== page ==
Korean calendar

Traditional lunisolar calendar / From Wikipedia, the free encyclopedia

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The traditional Korean calendar or Dangun calendar (Korean: 단군; Hanja: 檀君) is a lunisolar calendar. Dates are calculated from Korea's meridian (135th meridian east in modern time for South Korea), and observances and festivals are based in Korean culture.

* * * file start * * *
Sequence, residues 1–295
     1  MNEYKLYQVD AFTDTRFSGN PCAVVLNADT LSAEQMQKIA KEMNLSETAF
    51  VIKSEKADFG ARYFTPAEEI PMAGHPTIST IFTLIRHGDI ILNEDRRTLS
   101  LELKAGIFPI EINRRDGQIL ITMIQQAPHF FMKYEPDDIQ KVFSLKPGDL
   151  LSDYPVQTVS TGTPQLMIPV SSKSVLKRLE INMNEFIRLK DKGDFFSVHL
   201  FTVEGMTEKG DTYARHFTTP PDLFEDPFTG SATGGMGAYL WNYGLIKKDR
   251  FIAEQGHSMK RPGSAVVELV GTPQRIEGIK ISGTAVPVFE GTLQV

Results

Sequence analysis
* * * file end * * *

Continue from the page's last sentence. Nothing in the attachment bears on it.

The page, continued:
Koreans mostly use the Gregorian calendar, which was officially adopted in 1896. However, traditional holidays and age-reckoning for older generations are still based on the old calendar.[1] The biggest festivals in Korea today, which are also national holidays, are Seollal, the first day of the traditional Korean New Year, and Chuseok its harvest moon festival. Other important festivals include Daeboreum also referred to as Boreumdal (the first full moon), Dano (spring festival) and Samjinnal (spring-opening festival). Other minor festivals include Yudu (summer festival), and Chilseok (monsoon festival).

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